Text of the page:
Don't worry about Apple's business, worry about its products

By David Sparks, Macworld |  Business, Apple

My point is that Apple is no longer under threat of takeover or closure, and there is zero chance the company will stop making the shiny iThings that we love. You will never be forced to use a Windows computer or an Android phone. That hostile takeover is never going to happen, and the culture of fear from the '90s among Apple enthusiasts is both obsolete and irrational. There is no possible stock dive, court ruling, or goofy commercial from an iPhone competitor that is going to change that. We can let go of the fear and just enjoy our Apple products.

The next time you find yourself wading through details of competing Apple patents, studying the intricacies of a completely inscrutable stock market, or searching the Internet to find out what an injunction is, ask yourself if you are actually interested in these things or are instead just being driven by the culture of fear.

The real risk to our continued use and enjoyment of Apple products isn't some external threat to Apple's insolvency, but rather Apple's own failure to deliver the products and services we expect. Instead of getting worked up over court rulings, the Apple community should be directing its attention to Apple's products and services. We should be asking why the latest version of iWork is four years old and why iCloud still is not quite the thing we hoped it would be. We should question what exactly Apple is doing to improve its abilities to provide Web services as they become increasingly important. In other words, we should keep the pressure on Apple to make better hardware, software, and services--but we should leave all the business stuff to Apple. The company will handle that side of things. It isn't our problem.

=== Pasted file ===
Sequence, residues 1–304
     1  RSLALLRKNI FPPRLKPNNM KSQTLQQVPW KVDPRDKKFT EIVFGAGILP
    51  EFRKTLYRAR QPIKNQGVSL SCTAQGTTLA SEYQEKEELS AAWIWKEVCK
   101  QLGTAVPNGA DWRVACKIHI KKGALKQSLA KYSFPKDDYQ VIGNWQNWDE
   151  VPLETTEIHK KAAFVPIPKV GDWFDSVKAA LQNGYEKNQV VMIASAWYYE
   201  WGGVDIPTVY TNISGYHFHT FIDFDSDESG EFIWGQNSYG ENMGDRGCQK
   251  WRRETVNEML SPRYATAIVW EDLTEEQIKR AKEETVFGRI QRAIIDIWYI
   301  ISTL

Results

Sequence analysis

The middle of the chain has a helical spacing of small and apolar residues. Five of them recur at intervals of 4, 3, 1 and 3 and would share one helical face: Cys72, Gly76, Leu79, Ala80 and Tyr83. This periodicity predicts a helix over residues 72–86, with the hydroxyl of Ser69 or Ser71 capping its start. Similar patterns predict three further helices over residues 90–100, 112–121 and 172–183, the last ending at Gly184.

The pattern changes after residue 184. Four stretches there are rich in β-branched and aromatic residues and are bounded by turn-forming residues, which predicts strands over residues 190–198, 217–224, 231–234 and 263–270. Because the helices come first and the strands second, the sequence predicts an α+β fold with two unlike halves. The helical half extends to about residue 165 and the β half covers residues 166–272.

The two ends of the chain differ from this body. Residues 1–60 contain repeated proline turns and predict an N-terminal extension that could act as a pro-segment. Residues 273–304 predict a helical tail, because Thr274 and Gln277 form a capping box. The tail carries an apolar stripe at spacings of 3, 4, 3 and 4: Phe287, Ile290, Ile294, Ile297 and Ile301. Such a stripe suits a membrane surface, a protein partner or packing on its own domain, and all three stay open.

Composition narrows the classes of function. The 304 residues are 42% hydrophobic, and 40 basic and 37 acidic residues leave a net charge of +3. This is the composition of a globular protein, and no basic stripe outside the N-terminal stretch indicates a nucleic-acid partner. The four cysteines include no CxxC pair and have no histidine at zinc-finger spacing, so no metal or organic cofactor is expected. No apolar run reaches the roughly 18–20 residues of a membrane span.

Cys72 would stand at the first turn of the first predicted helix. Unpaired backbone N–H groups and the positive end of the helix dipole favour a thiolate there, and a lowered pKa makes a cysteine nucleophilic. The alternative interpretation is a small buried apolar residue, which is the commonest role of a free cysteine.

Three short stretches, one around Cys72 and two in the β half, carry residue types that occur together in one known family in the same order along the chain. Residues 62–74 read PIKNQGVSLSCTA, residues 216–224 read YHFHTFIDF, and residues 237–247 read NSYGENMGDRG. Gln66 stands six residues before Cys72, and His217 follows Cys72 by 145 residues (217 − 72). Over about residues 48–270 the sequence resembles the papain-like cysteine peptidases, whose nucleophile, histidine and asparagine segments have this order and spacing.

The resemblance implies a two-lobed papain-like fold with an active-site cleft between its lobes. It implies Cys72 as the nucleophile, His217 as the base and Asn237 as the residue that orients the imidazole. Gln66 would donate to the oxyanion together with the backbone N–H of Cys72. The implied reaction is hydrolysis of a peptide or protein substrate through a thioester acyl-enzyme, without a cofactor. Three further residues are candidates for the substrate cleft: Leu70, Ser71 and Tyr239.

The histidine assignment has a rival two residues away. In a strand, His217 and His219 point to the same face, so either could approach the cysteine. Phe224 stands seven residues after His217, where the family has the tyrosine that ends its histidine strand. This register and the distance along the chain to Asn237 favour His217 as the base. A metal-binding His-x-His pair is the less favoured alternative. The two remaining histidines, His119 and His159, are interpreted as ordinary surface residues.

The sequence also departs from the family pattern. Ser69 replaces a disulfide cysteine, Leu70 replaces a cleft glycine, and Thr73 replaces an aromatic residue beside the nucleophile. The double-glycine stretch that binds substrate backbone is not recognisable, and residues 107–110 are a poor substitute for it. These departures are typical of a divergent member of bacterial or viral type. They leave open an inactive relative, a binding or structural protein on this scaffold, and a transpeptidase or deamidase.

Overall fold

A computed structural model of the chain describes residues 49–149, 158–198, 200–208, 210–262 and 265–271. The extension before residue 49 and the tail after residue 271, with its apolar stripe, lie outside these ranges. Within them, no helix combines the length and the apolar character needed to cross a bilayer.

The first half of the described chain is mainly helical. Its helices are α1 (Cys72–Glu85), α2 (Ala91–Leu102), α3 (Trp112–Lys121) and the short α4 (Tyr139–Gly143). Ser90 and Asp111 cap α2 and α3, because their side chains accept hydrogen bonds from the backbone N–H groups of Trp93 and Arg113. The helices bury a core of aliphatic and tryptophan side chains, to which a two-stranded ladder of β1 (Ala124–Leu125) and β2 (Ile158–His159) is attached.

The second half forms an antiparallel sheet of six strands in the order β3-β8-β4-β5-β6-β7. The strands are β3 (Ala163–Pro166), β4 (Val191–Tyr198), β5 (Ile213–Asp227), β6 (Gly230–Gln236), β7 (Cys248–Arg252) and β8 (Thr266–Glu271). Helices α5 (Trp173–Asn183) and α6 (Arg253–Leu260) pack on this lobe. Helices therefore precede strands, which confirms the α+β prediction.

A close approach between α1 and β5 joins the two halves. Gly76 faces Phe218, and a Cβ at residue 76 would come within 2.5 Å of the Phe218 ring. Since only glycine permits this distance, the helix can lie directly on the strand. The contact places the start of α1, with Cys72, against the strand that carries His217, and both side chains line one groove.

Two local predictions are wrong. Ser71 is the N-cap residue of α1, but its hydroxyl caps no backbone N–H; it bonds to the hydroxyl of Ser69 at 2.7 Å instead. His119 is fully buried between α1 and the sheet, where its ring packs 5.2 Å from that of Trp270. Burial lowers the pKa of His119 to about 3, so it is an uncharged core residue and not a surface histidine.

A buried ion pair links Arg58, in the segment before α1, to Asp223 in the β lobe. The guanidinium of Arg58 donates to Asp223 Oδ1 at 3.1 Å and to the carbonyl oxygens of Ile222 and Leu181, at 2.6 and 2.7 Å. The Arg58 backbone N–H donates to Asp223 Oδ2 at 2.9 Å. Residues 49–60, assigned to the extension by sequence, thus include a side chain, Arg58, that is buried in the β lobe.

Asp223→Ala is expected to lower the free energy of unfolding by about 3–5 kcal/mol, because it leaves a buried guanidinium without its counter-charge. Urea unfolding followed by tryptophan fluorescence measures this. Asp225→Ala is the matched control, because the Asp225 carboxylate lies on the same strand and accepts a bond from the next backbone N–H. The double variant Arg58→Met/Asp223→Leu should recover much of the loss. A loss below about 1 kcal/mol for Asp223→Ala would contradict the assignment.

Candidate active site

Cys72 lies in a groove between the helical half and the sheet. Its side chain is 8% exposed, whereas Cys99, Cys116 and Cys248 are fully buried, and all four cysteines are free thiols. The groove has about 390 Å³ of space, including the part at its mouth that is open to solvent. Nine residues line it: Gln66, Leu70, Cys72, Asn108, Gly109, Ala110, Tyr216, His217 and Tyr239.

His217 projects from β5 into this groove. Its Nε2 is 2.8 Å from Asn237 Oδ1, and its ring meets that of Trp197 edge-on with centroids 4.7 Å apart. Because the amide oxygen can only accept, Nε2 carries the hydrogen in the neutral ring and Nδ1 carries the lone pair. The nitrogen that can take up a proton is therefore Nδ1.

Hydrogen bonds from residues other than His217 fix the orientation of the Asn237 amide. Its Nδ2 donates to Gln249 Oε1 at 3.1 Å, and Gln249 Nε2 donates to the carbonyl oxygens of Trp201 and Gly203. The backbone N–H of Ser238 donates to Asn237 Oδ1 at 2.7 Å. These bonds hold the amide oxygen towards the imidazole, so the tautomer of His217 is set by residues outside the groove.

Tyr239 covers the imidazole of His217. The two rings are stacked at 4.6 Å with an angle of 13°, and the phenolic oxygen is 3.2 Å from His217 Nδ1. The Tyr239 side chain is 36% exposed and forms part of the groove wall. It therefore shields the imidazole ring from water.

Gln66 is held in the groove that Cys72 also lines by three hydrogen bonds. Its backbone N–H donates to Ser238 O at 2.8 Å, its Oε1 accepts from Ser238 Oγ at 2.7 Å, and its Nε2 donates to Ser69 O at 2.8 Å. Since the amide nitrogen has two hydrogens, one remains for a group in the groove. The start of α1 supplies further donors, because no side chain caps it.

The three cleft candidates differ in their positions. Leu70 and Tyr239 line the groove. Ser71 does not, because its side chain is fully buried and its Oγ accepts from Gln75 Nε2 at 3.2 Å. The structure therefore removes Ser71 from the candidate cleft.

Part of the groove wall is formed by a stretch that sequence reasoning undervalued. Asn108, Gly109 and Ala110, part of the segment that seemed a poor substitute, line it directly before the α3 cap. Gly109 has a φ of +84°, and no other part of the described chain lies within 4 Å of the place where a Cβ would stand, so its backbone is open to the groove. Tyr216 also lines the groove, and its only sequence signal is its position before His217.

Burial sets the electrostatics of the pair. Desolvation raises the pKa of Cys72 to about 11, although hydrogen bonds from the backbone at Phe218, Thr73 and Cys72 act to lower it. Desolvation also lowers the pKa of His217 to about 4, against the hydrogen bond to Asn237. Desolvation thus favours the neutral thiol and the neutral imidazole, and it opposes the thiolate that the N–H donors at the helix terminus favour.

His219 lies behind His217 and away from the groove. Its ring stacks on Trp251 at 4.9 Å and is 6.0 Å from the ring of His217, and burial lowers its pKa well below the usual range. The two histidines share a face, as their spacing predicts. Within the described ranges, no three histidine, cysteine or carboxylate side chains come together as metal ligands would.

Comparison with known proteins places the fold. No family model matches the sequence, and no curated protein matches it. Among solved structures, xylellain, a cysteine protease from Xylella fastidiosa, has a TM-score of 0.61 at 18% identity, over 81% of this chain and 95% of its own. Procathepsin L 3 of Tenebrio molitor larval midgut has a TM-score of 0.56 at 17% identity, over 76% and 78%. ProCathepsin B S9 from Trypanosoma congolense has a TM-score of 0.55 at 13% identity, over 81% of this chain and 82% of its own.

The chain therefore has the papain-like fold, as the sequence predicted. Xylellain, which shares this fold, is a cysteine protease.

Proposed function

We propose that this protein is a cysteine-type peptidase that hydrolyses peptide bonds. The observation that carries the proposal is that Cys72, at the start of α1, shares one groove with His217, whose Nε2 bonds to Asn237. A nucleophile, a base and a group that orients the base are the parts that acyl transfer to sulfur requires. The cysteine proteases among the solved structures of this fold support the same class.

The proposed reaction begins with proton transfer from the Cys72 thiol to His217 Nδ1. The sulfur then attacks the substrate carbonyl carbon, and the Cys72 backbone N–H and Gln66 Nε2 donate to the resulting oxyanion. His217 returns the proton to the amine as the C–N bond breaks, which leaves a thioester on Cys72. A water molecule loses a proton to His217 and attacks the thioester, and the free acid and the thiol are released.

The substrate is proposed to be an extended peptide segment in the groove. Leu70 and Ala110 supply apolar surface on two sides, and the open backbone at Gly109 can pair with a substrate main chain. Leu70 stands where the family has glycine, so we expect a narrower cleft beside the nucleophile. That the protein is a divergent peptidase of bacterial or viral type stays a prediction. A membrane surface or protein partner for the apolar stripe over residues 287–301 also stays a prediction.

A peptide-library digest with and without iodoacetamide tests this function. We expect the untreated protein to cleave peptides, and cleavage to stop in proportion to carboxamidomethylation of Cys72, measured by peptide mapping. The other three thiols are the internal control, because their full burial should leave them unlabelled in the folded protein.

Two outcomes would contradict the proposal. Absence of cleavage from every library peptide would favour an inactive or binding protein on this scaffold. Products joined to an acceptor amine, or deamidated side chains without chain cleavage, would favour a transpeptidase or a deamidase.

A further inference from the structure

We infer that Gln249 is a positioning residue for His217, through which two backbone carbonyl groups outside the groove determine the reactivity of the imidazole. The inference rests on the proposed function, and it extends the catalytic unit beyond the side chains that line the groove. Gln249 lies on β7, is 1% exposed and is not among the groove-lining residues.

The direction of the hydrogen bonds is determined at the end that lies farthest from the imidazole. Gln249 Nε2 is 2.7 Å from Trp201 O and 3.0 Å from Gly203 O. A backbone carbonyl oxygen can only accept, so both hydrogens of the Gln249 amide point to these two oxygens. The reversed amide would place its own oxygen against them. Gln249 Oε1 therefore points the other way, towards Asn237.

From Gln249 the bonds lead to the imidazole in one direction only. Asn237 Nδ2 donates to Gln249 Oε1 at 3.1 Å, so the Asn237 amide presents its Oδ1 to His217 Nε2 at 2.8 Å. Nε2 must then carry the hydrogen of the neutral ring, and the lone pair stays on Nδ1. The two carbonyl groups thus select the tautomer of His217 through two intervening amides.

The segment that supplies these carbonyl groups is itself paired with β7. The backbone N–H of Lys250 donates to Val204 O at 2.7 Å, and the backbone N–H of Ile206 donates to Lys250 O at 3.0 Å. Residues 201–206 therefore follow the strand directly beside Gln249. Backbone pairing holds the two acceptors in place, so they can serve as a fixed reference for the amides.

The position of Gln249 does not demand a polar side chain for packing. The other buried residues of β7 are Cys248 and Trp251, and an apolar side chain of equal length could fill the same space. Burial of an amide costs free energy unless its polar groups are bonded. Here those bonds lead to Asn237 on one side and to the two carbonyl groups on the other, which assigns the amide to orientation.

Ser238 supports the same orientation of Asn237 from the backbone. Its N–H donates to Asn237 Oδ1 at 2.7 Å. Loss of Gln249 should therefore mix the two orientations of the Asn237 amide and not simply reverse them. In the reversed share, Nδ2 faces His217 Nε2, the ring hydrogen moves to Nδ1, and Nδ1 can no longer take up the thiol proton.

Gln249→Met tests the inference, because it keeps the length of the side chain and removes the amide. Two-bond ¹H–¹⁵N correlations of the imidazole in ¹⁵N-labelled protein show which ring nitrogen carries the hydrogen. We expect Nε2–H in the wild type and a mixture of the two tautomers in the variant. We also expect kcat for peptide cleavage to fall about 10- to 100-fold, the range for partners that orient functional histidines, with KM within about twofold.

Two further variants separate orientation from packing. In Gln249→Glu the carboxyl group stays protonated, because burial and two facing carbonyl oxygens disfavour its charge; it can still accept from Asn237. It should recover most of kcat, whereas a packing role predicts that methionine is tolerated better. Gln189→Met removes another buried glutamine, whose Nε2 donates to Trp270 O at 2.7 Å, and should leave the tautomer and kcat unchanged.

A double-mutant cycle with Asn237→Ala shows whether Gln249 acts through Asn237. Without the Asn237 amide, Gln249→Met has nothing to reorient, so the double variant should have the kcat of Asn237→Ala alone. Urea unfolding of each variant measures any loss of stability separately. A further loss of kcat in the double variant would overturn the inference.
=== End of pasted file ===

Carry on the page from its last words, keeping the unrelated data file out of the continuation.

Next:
Let go of your fear for Apple's solvency. The company is fine. Stop wasting your time paying attention to Apple's business, and instead focus on your own. It's time to finally put this out-dated anxiety to rest and just enjoy Apple's products.


Originally published on Macworld |  Click here to read the original story.
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